There is no Diamond Guide committee.
“Basically, I design it and she writes it,” Ross said. “And then we interview families, organizations, other captains, and more.” This system works well, as Ross’ architecture background has exposed her to graphic design, while Gleason’s various past positions allow her to write about all sorts of topics.
Putting together the booklet is truly a year-long effort. At the beginning of the school year, both captains try to put together as many interviews as possible, but naturally, not every group has been assigned a family, not all fundraisers have been fully planned, and the like. Revisions, final layout changes, and any additions have to be made on an ongoing basis in what Ross described as a “constantly evolving” process.
This year’s Diamond Guide features interviews with a handful of families, an assortment of student organizations, a Penn State Harrisburg professor, and Commonwealth campus orgs.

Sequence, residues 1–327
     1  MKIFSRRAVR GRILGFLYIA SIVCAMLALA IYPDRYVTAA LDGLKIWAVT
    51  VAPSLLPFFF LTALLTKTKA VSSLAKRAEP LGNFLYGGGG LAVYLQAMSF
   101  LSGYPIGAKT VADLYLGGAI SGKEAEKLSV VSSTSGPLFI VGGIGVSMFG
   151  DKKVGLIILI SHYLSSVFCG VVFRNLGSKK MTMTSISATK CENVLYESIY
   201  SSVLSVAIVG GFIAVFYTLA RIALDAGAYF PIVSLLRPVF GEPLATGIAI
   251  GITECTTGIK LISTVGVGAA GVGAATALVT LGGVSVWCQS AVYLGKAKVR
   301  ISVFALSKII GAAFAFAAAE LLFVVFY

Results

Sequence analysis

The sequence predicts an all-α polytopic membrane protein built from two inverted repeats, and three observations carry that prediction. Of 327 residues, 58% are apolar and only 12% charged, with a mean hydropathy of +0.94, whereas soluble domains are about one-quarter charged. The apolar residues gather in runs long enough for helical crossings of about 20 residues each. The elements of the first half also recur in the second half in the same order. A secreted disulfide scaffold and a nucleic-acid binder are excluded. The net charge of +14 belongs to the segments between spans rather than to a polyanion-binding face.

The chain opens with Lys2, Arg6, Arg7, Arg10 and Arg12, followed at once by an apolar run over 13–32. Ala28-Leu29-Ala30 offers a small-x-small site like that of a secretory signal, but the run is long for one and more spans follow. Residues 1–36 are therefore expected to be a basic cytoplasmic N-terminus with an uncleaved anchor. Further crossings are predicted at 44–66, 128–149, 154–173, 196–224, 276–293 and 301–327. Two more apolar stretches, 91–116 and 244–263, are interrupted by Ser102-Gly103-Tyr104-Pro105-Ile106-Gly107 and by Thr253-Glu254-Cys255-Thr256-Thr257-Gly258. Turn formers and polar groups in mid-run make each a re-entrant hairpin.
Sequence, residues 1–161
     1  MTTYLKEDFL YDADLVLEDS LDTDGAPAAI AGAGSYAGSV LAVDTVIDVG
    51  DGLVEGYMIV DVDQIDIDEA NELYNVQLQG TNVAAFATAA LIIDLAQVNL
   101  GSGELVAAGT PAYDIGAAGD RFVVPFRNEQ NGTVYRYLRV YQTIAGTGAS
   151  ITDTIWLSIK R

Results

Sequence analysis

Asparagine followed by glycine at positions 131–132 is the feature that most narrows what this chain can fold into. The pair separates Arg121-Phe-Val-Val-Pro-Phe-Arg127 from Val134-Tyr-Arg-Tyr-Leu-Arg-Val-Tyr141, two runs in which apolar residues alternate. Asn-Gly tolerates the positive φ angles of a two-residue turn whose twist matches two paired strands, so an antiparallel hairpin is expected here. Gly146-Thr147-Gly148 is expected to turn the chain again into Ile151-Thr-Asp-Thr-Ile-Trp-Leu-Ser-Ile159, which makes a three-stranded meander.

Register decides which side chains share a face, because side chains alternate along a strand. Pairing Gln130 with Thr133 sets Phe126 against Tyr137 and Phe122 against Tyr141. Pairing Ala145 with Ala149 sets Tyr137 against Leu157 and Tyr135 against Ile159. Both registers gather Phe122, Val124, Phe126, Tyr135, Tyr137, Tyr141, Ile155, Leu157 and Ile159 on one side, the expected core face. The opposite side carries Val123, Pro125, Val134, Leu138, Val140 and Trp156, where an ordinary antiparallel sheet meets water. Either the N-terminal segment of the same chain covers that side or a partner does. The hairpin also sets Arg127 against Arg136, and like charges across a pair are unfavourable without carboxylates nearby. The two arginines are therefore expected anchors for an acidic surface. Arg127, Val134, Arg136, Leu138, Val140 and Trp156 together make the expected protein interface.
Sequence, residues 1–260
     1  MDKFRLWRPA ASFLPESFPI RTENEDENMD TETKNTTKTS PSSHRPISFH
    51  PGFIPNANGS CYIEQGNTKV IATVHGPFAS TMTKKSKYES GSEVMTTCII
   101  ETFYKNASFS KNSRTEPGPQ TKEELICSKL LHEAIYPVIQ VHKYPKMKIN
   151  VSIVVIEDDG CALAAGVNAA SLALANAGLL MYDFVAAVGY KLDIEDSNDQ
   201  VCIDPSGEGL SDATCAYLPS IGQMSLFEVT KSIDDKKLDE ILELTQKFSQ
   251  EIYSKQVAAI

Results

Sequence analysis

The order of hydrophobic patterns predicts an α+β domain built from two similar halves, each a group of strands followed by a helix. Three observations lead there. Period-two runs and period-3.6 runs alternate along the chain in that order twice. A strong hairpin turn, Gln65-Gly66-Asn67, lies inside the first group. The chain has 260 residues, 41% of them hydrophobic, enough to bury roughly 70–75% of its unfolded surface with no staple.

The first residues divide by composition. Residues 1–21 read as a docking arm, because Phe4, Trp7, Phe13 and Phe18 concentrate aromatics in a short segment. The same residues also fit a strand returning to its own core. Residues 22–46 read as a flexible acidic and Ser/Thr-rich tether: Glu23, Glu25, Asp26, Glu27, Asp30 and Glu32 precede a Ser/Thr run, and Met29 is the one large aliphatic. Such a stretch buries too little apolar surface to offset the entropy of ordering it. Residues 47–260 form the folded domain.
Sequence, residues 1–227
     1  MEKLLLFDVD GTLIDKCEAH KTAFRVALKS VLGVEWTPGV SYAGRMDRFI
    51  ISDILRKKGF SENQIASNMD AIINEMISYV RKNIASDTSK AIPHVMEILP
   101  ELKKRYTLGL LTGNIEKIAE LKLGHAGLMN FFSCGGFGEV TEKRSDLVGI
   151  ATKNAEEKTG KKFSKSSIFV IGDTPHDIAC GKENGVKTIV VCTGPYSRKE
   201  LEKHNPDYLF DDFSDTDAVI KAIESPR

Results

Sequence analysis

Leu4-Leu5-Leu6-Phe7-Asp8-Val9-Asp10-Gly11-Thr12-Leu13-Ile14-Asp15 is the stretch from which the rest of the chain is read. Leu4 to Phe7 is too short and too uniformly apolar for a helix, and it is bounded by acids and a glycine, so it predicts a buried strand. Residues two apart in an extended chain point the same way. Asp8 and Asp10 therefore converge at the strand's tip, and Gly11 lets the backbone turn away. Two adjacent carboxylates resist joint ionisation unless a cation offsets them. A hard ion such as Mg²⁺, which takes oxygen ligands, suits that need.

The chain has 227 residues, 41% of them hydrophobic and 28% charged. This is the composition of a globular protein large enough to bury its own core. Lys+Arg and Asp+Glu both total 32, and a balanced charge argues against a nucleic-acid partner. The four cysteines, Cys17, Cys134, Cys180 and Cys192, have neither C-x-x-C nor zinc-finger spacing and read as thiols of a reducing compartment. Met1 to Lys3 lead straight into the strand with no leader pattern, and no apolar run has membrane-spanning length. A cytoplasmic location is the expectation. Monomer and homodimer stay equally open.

Readers may notice that commonwealth organizations feature more prominently than in years past — that’s because both Gleason and Ross focused on featuring commonwealth orgs due to their influence on THON and fundraising efforts. One feature even looks into Penn State student Michael Healy’s fundraising effort — a 110-mile bike ride from State College to the Penn State Hershey Medical Center.
Another focus of this year’s edition is alternative fundraising. Ross and Gleason hope that highlighting interesting ideas when it comes to raising money will help spark creativity in the years to come. Putting together features, creating exciting themes, and generating all sorts of ideas is really just half of what it takes to make the Diamond Guide happen. Putting together a coherent format and design is another thing entirely.